Agriculture news: Trade as a medium for development: "This session identified tangible opportunities to increase Intra-African trade and link countries to regional and global markets by building capacity, improving infrastructure, and reducing price volatility."
Intra-African trade is a key element for the future of Africa. It can be a catalyst for development.
The Innovative Charcoal Cooler
Agriculture news, Africans use innovative methods for storage. This story is fascinating, and it showcases the innovative abilities of Africans. Agriculture is a major sector in Africa and coming up with creative ways of making production efficient is important.
Introducing the Charcoal Cooler
Low energy technology is the future of Agriculture production.
How Kenya Is Building a Sustainable Banana, Introducing “tissue-culture” bananas
The “tissue-culture” bananas are the products of simple plant science—it’s old-fashioned biotechnology. The tried-and-true methods that are common in Asia and Latin America are only beginning to take root in much of Africa, where one-third of the world’s bananas are consumed. In Kenya, only about 5 percent of banana acreage was under tissue-culture cultivation in 2006, a number at that time projected to expand to as much as 40 percent by 2016, according to Africa Harvest Biotech Foundation International.
Incorporating modern ways of farming can improve Agriculture productivity in Africa, a massive sector that has enormous potential to enhance the GDP of most African countries.
"Cassava is the best kept secret of farmers in Africa."
African farmers are very knowledgeable about Cassava therefore production is easy for them, and Cassava has a high potential for food and industrial use.
Dr. Nola-Meso Mahungu of Congo breaks it down
Cassava can also be used as fuel, which can benefit Africa economically. Africa should take advantage of this wonderful crop, and improve the standard of living in the continent.
Africa has the resources to achieve greatness.
Cassava: fuel of the future?
Q How can NEPAD contribute better to Africa's development?
A Agriculture remains underdeveloped in Africa. With the right investments and policies, the continent could easily feed itself and export food to other parts of the world. NEPAD could provide an important and unique contribution by promoting international partnerships to remove the scientific, infrastructure and policy bottlenecks to agricultural production. Agricultural research capacity and output have stagnated or, in many countries, have weakened over the past 25 years.
Agriculture news would not be significant without talking about agribusiness. Africa has now become the number one target for this type of business around the world. While the issue of "land grab" remains highly controversial, there is no doubt that foreign companies are pointing the way towards the continents utilization of its enormous potential.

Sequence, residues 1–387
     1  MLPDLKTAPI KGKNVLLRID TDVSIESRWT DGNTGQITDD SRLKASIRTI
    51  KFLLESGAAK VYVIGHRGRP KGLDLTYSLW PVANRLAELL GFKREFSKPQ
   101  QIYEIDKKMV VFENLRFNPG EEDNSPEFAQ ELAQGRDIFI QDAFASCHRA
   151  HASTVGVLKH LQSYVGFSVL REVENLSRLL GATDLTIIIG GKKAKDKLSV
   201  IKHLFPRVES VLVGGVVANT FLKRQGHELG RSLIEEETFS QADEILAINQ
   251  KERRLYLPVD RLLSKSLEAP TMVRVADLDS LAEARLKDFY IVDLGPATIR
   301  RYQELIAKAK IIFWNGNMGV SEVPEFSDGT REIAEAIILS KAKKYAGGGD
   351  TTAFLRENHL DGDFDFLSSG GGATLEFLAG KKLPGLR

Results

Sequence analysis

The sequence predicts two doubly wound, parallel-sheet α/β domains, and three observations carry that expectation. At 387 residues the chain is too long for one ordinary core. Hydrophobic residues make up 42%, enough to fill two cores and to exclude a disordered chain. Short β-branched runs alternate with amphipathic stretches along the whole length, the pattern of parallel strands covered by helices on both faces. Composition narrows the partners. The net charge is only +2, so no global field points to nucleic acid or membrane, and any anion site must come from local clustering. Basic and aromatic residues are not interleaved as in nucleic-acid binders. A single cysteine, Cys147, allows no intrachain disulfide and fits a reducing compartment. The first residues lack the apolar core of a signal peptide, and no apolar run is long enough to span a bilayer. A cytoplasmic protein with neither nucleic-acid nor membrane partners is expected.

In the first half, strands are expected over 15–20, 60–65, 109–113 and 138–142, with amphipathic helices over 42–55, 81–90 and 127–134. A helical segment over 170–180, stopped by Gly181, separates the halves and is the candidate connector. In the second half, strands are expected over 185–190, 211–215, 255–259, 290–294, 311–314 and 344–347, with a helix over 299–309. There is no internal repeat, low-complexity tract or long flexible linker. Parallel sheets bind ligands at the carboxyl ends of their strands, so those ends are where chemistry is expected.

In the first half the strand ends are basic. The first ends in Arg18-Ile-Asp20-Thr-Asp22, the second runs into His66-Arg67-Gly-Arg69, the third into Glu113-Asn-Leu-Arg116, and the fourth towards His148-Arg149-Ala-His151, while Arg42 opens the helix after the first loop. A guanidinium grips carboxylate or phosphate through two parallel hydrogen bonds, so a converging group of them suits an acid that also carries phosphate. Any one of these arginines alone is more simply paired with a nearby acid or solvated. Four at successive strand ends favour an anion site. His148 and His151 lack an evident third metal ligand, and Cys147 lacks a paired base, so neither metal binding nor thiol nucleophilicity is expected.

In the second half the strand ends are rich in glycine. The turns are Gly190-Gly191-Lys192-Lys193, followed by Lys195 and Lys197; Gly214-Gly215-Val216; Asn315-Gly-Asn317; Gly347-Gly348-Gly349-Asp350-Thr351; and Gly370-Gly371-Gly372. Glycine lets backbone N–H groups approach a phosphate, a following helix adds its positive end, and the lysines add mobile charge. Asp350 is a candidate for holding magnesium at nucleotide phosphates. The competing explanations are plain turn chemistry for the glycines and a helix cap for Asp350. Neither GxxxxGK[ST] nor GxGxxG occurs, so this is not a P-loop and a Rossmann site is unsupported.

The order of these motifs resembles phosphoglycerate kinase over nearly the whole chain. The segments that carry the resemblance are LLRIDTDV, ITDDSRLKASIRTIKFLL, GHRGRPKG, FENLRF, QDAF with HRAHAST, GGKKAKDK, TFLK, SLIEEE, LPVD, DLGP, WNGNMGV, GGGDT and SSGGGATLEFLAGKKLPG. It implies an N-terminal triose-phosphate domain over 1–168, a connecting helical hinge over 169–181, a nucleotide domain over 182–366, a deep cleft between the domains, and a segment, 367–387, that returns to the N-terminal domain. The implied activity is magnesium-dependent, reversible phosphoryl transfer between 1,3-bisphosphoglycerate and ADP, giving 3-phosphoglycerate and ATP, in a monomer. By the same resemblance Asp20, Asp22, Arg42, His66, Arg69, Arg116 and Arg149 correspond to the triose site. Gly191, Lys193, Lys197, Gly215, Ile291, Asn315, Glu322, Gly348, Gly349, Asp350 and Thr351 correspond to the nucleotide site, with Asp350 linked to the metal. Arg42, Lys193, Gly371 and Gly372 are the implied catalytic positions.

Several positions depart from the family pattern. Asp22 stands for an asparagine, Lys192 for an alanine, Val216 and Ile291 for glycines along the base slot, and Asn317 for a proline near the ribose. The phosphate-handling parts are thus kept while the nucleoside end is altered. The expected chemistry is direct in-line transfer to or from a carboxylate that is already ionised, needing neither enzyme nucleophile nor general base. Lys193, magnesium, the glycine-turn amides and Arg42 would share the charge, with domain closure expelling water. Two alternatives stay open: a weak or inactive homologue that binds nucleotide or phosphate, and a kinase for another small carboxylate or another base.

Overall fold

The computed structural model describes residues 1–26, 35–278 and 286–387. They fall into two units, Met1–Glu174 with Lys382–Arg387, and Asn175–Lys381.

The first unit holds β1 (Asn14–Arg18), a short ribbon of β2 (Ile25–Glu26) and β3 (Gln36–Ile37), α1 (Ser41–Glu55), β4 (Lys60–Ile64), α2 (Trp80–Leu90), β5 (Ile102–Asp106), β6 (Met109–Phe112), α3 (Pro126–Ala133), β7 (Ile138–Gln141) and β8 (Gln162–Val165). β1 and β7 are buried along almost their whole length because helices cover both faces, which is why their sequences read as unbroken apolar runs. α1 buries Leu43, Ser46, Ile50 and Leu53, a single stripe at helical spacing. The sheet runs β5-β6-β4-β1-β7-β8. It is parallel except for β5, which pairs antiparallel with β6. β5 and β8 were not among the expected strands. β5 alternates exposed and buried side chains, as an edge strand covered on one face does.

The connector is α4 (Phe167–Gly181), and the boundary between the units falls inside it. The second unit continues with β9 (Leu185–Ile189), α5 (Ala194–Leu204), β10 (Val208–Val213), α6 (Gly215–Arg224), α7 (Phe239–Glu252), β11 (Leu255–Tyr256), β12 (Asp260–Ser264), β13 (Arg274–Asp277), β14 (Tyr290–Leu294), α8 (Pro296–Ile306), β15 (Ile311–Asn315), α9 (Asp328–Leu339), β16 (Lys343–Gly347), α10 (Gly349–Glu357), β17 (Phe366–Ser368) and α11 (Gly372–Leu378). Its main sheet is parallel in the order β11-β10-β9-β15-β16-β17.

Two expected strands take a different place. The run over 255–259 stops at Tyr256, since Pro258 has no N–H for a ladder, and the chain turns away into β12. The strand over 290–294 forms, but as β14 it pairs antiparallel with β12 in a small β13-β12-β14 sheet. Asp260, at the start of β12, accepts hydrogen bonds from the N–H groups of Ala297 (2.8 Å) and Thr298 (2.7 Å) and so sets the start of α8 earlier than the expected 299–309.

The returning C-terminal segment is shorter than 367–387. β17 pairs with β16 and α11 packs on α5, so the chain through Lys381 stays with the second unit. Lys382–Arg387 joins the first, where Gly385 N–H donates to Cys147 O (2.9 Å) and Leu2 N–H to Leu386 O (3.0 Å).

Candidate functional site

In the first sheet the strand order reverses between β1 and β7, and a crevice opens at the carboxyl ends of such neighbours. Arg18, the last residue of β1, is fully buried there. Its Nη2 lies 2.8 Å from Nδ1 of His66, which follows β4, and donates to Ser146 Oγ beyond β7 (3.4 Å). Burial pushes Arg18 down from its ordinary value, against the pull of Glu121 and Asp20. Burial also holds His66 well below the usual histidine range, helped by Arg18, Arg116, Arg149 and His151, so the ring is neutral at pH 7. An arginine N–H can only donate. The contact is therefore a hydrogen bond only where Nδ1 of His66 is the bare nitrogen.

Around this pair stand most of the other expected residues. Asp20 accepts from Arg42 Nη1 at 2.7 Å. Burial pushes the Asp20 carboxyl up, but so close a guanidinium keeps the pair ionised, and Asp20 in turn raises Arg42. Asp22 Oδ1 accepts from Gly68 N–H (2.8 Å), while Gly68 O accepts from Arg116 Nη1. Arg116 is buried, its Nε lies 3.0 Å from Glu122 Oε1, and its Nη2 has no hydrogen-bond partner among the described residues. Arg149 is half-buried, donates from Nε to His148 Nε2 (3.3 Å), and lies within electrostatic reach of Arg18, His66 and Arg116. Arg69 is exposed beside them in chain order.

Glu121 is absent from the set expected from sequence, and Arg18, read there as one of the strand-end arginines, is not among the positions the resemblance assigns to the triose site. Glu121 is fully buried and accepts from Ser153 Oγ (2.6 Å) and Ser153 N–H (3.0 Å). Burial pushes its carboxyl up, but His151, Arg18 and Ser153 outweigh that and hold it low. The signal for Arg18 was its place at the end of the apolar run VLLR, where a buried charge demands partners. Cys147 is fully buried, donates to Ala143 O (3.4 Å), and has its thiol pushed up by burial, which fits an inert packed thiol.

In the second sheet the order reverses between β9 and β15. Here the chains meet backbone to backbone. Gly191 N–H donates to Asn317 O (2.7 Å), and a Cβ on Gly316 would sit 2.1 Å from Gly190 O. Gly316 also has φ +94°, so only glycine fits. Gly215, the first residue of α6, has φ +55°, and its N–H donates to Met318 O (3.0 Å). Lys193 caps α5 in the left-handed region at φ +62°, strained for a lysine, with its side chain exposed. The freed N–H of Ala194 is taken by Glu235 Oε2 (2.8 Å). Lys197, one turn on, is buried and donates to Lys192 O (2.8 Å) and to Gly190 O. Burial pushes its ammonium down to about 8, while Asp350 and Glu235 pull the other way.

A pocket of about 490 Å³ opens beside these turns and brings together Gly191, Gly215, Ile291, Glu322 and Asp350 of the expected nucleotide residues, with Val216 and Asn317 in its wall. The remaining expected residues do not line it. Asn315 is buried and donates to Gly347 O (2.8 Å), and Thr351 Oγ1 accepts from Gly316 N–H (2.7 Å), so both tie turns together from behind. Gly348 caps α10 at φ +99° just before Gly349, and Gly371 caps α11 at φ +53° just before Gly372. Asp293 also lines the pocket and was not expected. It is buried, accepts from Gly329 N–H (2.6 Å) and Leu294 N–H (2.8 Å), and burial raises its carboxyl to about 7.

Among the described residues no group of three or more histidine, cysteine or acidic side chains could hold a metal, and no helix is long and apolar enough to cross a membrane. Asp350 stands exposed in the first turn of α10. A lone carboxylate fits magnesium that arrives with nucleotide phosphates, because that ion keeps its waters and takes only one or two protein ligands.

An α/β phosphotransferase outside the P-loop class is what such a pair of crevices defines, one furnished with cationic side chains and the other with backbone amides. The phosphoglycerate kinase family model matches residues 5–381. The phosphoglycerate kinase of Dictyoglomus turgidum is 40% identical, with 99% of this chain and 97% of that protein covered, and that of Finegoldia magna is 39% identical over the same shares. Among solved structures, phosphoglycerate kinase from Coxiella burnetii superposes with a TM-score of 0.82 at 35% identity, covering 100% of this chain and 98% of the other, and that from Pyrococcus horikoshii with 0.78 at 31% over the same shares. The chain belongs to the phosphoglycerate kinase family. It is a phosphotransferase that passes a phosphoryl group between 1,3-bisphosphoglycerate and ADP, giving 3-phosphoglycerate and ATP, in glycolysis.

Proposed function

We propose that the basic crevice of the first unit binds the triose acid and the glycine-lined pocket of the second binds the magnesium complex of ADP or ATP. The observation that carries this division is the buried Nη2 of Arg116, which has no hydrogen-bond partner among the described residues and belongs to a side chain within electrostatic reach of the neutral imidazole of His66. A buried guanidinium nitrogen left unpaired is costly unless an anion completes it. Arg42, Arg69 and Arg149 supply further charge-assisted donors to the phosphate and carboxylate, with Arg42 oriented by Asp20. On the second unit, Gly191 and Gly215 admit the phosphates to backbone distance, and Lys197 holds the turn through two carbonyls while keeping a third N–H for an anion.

The foreign companies are also providing employment on a large scale, transferring skills and earning valuable foreign exchange for the countries they operate in.They are also proof positive that this business is largely profitable.
India's Karuturi global claims to be the world's largest producer and exporter of cut roses. This was mainly due to their vast holdings in Kenya and Ethiopia.
In 2004, Karuturi begun operations in Ethiopia, they bought out Dutch-owned Sher agencies, that operated in Kenya's Rift Valley around ravishing Lake Naivasha. This single move propelled Karuturi to the top echelons of the highly lucrative cut roses business..
Karuturi is targeting the COMESA [Common Market for East and Southern Africa] which has a combined population of 400m with a food import bill of $14bn. This in the long term can only enhance the development of Eastern Africa.
More interesting facts on this Agriculture news:
According to Kenya's Ministry of Trade statistics, the country exported 19,000 tons of flowers in 1990 earning $78m; 20 years later in 2010, Kenya earned $867m from flowers. Kenya produces 50,000 tons of flowers a year, but the region is not just a market leader in floriculture.
Kenya is the largest tea producer. Kenya exports 500,000 tonnes of tea annually. In 2010 tea earned $1.07bn for East Africa's largest economy. It is also the largest producer and exporter of pyrethrum, making it the largest pyrethrum exporter to the EU earning around $400m annually. Both tea and pyrethrum are exported raw, and this has caused much debate.
While Kenya exports 15% more tea than Sri Lanka, the latter earns 76% more than Kenya from her tea because of considerable local value addition.
Exporting raw material ensures Kenya is losing out on value-added revenue. This is a common problem in Africa. Raw materials need to be processed in Africa, and exported to the rest of the world. The economy of Africa will only benefit. Therefore, there is need for more capital infusion, for such goals to be met. The Agriculture news that we want to see more often coming out of Africa, is about immense increase in profits from Agriculture products.
Elisabeth Tankeu, the Commissioner for Trade and Industry at the African Union Commission said:
"The major challenge of developing agribusiness and agro-industries in Africa lies on the adoption of appropriate national and regional policies, strategies and institutions that can nurture innovation in the sector."
The hidden treasurers of Africa can only be unveiled with the right minds and capital. Strategies that bring capital can only ensure the untapped resources are utilized in Africa.